Student project at imec (Thesis)
In this project, the student will research and develop innovative ultra-low power (ULP) circuit to interface with an ultrasound transducer array for 3D ultrasound imaging.
What will you be doing?
The use of ultrasound imaging is widespread and in the past few years there has been a growing interest in closely coupling the transducer array closely with the control and readout transceiver circuits. We envision that in the next-generation ultrasound imaging platforms, the transducers, readout electronics and intelligent inference will come together on a single platform. This technology can allow very low-cost ultrasound imaging for point-of-care or in-home use. In this project, you will be in the pole position to make this vision into reality.
You will survey the state-of-the-art for 3D ultrasound sensor systems and circuits including methods used for beamforming. Based on this study and in collaboration with IMEC experts on PMUT transducer arrays and signal processing, you will research and develop ultra-low-power system and circuits for ultrasound imaging. You will have the opportunity to tape-out and validate your designs in silicon. You may also collaborate with IMEC experts in neuromorphic circuits, also phase array beamforming to explore techniques to closely couple the transducer interface circuits with neural networks for on-chip inference.
Some relevant papers are:
E. Kang et al., "A Variable-Gain Low-Noise Transimpedance Amplifier for Miniature Ultrasound Probes," in IEEE Journal of Solid-State Circuits, vol. 55, no. 12, pp. 3157-3168, Dec. 2020, doi: 10.1109/JSSC.2020.3023618.
J. Lee et al., " A 5.37mW/Channel Pitch-Matched Ultrasound ASIC with Dynamic-Bit-Shared SAR ADC and 13.2V Charge-Recycling TX in Standard CMOS for Intracardiac Echocardiography," 2019 IEEE International Solid- State Circuits Conference - (ISSCC), San Francisco, CA, USA, 2019, pp. 190-192, doi: 10.1109/ISSCC.2019.8662531.
C. Chen et al., "A 0.91mW/element pitch-matched front-end ASIC with integrated subarray beamforming ADC for miniature 3D ultrasound probes," 2018 IEEE International Solid - State Circuits Conference - (ISSCC), San Francisco, CA, 2018, pp. 186-188, doi: 10.1109/ISSCC.2018.8310246.
M. Chen et al., "27.5 A pixel-pitch-matched ultrasound receiver for 3D photoacoustic imaging with integrated delta-sigma beamformer in 28nm UTBB FDSOI," 2017 IEEE International Solid-State Circuits Conference (ISSCC), San Francisco, CA, 2017, pp. 456-457, doi: 10.1109/ISSCC.2017.7870458.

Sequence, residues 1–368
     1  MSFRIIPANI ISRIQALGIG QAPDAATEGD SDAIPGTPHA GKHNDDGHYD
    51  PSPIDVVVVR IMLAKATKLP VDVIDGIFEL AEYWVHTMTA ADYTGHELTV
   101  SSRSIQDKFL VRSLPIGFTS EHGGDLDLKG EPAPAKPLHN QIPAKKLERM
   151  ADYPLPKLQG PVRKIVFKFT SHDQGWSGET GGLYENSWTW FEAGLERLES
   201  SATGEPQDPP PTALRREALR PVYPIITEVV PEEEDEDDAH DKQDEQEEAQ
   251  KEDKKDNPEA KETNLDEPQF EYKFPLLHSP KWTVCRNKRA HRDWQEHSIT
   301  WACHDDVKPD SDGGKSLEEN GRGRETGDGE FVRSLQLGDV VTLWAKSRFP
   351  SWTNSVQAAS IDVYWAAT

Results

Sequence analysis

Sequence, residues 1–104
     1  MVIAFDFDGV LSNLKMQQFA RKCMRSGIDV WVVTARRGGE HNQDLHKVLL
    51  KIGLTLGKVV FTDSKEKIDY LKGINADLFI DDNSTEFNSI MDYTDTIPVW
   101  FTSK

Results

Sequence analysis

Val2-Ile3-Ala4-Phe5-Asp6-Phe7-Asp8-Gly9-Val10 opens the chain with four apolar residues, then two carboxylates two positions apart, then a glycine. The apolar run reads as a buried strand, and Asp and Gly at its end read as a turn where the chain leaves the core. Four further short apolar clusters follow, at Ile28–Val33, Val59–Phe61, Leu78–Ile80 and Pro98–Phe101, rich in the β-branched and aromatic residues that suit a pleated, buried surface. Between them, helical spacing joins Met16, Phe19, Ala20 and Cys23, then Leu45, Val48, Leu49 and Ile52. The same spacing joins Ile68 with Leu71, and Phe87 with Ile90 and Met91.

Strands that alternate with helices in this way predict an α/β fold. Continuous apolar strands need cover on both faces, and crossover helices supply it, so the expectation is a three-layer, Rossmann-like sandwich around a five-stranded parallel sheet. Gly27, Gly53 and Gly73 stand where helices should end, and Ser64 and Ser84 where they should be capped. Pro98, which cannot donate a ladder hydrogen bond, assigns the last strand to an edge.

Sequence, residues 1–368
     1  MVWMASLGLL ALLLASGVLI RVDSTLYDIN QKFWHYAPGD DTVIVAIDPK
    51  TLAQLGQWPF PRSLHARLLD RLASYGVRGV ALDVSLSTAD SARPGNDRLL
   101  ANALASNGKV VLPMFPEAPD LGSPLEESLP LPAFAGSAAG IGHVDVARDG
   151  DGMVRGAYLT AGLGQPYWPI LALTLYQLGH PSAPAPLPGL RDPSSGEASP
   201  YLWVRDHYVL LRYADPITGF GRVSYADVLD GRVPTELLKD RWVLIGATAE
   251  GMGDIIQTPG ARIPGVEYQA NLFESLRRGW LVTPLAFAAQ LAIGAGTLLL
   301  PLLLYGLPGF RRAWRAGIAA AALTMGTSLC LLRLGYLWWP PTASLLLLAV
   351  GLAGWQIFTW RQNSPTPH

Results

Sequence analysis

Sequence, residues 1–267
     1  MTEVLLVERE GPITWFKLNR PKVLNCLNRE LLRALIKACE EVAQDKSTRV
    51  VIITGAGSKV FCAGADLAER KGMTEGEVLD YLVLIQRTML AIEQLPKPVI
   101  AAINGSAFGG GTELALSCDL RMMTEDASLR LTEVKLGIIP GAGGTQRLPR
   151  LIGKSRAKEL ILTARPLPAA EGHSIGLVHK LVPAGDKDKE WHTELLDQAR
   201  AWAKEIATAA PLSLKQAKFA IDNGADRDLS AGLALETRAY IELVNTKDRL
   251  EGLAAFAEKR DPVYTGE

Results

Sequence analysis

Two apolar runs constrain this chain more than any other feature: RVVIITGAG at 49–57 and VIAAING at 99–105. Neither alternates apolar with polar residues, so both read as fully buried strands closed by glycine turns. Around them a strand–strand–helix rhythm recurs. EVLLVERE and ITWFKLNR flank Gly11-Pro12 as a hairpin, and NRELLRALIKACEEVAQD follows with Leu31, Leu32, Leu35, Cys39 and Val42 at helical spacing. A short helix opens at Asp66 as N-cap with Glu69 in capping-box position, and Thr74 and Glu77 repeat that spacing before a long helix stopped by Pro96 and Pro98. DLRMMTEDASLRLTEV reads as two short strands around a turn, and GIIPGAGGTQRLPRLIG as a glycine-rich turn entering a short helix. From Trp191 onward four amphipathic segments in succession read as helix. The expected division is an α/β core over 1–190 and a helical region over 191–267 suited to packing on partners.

Your Tasks Involve:
Literature survey the state-of-the-art for ultrasound transducer interface front-end circuits.
Research and development of an architecture and circuits for low-power mixed-signal front-end receiver/transmitter to enable 3D ultrasound imaging.
Collaborate with IMEC experts in ultrasound transducers, mixed-signal circuits and signal processing algorithms to maximize your research impact.
Modelling of the system in MATLAB or Python.
Development of integrated circuits for the front-end electronics including drawing the schematic and layout using Cadence EDA tools.
Tape-out and measurement of the chip (if time permits).
Optionally, analysis and development of appropriate inference techniques using on-chip neural networks.
What we do for you
You will be working on cutting-edge research on a topic that is very relevant to both academic and industrial research groups. To help you in this journey, we offer a flexible environment where you can be the leader of your own research while at the same time have support of experts to complete your tasks. As part of the team in IMEC-Netherlands you will have opportunities to learn from the some of the best minds in analog, digital circuits as well as neuromorphic machine learning research.
IMEC has in-house experts in ultrasound transducers (PMUTs), mixed-signal circuit design as well as signal processing algorithms who can help you in shaping this multi-disciplinary research project.
Who you are
You are a Msc/Bsc student in Electronics Engineering.
You are available for a period of 12 months.
You have knowledge of analog/mixed-signal circuits through course and/or project work.
You are excited about low-power analog circuit design.
You are interested in AI, machine learning and neuromorphic circuits.
You have a background in analog/digital signal processing.
You are familiar with Cadence design environment or similar CAD tools.
You are familiar with MATLAB or Python.
You are entitled to do an internship in the Netherlands.
You are self-starter and able to work independently.
Good written and verbal English skills.
Click on 'apply' to submit your application. You will then be redirected to e-recruiting.
Please be advised that non-EU/EEA country students that are studying outside of the Netherlands, need to have a work-permit to be able to do an internship in the Netherlands.